McKay argued that the settlement allocations should be followed in determining the tax consequences. The IRS contended that the allocations should be ignored, since the parties were not adverse. The Service reasoned that, since Ashland could deduct the payments to McKay regardless of the allocation between tort and contract claims, Ashland was indifferent to the allocation. Therefore, the parties were not adverse as to the tax consequences in negotiating their settlement. The Tax Court rejected this argument; although the deductibility of the payments may be a factor in determining if the parties are adverse, it is not controlling. The IRS also argued that McKay's claims were purely contractual; the award of back and future pay indicated a contract claim and the public policy claim was based on job performance. The court rejected these arguments, emphasizing that it would not ignore the terms of the settlement agreement if the agreement was the result of bona fide arm's-length negotiations. Additionally, the court pointed out that the settlement was consistent with the law of the state in which McKay resided on termination of employment, which contained contractual and tort claims.

The Tax Court ruled that it would follow the settlement's allocation because McKay and Ashland were adversaries; the tort claim was excludible and the contract claim was taxable. The court found McKay wanted a large settlement and to punish Ashland. Ashland wanted a small settlement, with no amount allocated to the RICO or punitive damages claims. The Tax Court held that the settlement reflected the entire record, and that the large amount allocated to the tort was consistent with the jury verdict. Therefore, this allocation provided the clearest indication of Ashland's intent in making the payment to McKay.

The Tax Court distinguished Robinson, 102 TC No. 7 (1994), in which it ignored the settlement agreement even though that agreement was approved by the trial court. In Robinson, the payor's only concern was the $10 million amount of the settlement, not its allocation. Robinson assumed complete control over the settlement allocations. To minimize taxes, he allocated 95% to mental anguish and 5% to lost profits, resulting in a $9.5 million exclusion. The trial court then accepted the settlement without scrutiny. The Tax Court ruled that it was "uncontested, nonadversarial, and entirely tax motivated and, therefore, did not accurately reflect the underlying claims. "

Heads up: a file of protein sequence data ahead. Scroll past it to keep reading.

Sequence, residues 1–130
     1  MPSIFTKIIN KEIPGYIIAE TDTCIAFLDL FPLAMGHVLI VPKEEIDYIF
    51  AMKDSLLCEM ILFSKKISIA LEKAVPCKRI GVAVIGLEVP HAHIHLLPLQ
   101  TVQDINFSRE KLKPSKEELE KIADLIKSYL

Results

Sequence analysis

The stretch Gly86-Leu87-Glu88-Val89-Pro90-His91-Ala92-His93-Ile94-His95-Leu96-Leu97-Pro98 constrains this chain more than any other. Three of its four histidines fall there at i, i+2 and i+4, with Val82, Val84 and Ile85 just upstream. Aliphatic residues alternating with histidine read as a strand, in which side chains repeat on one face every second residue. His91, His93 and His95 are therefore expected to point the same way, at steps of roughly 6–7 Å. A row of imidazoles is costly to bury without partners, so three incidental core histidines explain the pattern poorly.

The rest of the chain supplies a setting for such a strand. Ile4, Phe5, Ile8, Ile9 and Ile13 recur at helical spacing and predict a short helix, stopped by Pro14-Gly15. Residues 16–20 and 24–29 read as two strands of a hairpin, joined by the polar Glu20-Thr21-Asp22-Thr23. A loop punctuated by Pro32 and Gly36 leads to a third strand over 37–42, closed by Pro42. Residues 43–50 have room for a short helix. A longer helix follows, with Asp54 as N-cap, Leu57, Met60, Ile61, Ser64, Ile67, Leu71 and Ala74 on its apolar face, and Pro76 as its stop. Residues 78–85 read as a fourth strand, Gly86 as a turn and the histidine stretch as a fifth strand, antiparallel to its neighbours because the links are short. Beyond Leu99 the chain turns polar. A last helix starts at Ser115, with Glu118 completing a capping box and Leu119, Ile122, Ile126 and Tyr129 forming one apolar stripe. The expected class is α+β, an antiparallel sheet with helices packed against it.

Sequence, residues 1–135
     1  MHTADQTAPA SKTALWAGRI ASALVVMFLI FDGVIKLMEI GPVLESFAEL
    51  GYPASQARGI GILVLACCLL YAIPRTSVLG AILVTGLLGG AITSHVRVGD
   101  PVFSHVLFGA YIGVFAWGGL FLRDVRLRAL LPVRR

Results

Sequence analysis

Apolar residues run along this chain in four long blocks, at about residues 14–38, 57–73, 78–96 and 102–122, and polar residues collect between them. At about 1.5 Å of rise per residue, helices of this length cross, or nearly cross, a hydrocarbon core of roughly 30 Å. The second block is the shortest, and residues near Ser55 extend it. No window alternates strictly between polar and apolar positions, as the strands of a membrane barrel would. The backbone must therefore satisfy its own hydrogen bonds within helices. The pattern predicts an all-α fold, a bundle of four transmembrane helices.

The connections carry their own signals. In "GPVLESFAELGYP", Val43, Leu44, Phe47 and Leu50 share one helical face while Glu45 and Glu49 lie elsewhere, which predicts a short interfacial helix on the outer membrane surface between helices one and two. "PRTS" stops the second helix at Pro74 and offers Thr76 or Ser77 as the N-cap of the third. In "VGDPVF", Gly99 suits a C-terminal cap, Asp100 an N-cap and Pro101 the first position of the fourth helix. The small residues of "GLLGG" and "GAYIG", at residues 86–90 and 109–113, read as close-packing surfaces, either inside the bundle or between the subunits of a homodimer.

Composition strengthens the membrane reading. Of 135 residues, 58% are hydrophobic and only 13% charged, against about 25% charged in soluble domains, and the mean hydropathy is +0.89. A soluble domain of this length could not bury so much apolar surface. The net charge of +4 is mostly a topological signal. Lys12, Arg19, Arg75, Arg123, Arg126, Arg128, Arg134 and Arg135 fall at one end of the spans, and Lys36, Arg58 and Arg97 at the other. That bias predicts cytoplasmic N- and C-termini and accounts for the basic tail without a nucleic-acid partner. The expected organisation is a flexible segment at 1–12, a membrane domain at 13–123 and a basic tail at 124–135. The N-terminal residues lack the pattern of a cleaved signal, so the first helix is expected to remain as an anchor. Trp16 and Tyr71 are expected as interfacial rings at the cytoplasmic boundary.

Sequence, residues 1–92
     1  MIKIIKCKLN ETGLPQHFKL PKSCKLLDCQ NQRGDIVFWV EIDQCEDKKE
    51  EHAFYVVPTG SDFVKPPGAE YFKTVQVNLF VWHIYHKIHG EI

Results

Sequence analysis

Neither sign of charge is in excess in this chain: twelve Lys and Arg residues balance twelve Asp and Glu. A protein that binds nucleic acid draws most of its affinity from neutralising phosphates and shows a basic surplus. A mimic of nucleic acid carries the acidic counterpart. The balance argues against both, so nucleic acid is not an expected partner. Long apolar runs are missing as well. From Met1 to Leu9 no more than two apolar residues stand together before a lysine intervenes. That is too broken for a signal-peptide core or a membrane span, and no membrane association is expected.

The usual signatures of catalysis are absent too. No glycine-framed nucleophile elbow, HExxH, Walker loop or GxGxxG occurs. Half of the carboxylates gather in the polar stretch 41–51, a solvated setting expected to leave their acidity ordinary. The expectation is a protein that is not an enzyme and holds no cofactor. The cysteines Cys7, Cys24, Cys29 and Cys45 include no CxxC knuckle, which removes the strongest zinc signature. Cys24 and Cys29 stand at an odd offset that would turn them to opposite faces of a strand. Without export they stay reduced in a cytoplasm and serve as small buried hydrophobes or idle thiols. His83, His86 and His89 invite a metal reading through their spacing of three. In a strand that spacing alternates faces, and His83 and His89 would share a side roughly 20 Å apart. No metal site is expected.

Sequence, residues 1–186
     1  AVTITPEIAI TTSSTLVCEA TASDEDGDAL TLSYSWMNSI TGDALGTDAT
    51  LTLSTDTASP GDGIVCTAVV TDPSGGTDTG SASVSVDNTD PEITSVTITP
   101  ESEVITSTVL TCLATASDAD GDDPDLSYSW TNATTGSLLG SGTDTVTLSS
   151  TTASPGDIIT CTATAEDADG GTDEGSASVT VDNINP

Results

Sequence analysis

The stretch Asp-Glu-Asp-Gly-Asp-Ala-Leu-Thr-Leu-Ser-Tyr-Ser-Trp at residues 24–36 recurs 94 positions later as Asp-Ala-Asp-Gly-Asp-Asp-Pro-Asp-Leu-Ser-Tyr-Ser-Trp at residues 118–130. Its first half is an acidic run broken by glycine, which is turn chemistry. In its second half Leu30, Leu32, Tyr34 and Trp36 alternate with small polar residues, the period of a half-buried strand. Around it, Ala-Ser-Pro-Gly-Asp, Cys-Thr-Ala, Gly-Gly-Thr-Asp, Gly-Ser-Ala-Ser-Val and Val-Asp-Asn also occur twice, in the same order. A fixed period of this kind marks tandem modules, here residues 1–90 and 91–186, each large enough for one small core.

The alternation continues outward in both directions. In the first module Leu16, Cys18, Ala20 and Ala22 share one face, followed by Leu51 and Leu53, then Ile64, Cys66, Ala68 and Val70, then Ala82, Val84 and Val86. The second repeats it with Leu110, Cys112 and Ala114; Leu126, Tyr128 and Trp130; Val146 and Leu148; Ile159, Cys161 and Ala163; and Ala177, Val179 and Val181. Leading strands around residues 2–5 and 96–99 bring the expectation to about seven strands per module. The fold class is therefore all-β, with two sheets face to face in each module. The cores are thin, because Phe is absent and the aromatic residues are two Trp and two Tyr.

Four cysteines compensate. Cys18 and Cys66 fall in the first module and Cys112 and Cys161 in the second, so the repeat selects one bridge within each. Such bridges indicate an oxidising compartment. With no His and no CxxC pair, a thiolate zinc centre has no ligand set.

McKay provides the criteria the Tax Court will use in deciding whether to accept express allocations among excludible and taxable claims in a written settlement. Even though the lost compensation and RICO claim components of the jury verdict arguably did not qualify for the Sec. 104(a)(2) exclusion, the Tax Court ruled that the settlement was binding for tax purposes because the settlement resulted from "bona fide, arms-length, adversarial negotiations." McKay is the first case to apply this standard and allow the allocations between excludible and taxable claims specified in the settlement agreement. Practitioners should advise clients that a settlement must meet this standard if the Tax Court is to honor it. Implicit in this standard is a requirement of consistency in the taxpayer's claims from the beginning of the controversy, through the negotiations, to the settlement. However, as shown in McKay, the parties have some freedom in the negotiation process as long as they are truly adverse. The more the allocations in the settlement deviate from the facts leading up to it, the stronger the proof required by the Tax Court that the parties are adverse.

From Peter C. Barton, CPA, MBA, J.D., Associate Professor of Accounting, and Clayton R. Sager, Ph.D., Professor of Accounting, University of Wisconsin-Whitewater, Whitewater, Wisc.
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Author:Sager, Clayton R.
Publication:The Tax Adviser
Date:Sep 1, 1994
Words:1360